British Scientist Stephen Hawking has died at the age of 76.
A spokesman for his family confirmed the news on Wednesday.
He was one of the most respected - and well-known - scientists in modern history.
Hawking tried to explain some of the most complicated questions of life to the masses while working under the shadow of a likely premature death.
He was diagnosed with the wasting motor neuron disease at the age of 21 and was confined for most of his life in a wheelchair.
As his condition grew worse he had to resort to speaking through a voice synthesizer.
His book 'A Brief History of Time,' published in 1988, made him a household name across the world explaining complex and theoretical science to everyday people.
"Yet if as I hope, basic science becomes part of general awareness, what now appear as a paradox of quantum theory will seem as just common sense to our children's children."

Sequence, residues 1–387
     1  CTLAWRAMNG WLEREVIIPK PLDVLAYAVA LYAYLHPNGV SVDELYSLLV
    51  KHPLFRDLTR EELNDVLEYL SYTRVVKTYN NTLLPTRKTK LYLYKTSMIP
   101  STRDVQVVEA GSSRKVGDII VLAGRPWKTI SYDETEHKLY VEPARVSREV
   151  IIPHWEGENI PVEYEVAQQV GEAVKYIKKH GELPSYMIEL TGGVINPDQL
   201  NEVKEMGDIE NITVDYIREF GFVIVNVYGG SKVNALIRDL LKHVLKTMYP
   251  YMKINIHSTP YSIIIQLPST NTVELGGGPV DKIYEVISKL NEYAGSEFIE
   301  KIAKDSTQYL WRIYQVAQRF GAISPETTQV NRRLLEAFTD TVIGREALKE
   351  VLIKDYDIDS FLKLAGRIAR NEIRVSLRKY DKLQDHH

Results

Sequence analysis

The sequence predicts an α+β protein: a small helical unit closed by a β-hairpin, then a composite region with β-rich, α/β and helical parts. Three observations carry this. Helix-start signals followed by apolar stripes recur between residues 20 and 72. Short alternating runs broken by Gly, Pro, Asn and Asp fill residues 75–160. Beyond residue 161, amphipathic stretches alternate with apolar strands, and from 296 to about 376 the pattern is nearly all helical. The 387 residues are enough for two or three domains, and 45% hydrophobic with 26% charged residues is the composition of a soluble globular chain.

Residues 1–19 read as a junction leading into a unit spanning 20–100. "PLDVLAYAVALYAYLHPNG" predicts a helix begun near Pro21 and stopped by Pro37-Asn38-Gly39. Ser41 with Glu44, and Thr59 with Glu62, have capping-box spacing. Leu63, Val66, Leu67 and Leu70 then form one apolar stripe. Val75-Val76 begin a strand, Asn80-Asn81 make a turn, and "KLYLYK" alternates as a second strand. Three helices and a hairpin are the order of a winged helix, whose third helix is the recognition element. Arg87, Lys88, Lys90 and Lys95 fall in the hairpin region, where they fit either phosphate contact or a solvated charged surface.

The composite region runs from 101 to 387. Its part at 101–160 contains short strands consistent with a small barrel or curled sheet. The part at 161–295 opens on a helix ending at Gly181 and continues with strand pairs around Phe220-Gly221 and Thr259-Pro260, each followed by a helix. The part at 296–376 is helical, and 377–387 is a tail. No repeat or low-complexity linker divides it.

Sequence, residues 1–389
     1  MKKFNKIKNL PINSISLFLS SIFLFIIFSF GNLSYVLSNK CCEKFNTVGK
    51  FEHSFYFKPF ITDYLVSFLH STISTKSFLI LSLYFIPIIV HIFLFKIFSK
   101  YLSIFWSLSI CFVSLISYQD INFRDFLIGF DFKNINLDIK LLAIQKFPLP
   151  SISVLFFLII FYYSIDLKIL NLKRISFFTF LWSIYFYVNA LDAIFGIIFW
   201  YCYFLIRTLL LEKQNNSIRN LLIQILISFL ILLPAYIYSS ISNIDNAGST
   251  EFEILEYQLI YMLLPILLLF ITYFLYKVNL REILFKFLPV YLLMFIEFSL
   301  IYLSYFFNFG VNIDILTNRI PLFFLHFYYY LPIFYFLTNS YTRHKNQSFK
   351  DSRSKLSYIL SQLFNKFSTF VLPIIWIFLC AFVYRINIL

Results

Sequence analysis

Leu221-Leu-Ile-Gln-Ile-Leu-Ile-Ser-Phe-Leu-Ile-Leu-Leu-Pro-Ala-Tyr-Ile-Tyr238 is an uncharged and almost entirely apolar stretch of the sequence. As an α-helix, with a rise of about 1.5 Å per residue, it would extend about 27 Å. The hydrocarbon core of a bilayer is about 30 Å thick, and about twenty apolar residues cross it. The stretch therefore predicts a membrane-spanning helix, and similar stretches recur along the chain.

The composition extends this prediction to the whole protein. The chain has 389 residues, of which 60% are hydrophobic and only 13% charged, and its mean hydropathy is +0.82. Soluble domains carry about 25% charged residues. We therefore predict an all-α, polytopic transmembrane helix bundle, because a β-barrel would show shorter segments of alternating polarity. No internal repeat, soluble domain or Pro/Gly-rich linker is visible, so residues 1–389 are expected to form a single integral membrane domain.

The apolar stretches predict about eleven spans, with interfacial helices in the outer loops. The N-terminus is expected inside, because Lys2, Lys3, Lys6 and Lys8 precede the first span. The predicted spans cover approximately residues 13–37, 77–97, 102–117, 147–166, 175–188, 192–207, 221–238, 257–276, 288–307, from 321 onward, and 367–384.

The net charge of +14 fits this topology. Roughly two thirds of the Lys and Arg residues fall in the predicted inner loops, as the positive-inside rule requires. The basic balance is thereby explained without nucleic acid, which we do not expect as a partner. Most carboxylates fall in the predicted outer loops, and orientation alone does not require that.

Hawking was proud that the book contained only one math equation: relativity's famous E=MC squared.
In his 2013 memoir "My Brief History," Hawking revealed his disease led to the collapse of his two marriages.
But he also said it pushed him to work harder to explore the very limits of human understanding.
Both in the fields of astronomy, and the sub-molecular world of quantum theory, which Hawking said could predict what happens at the beginning of time- and its end.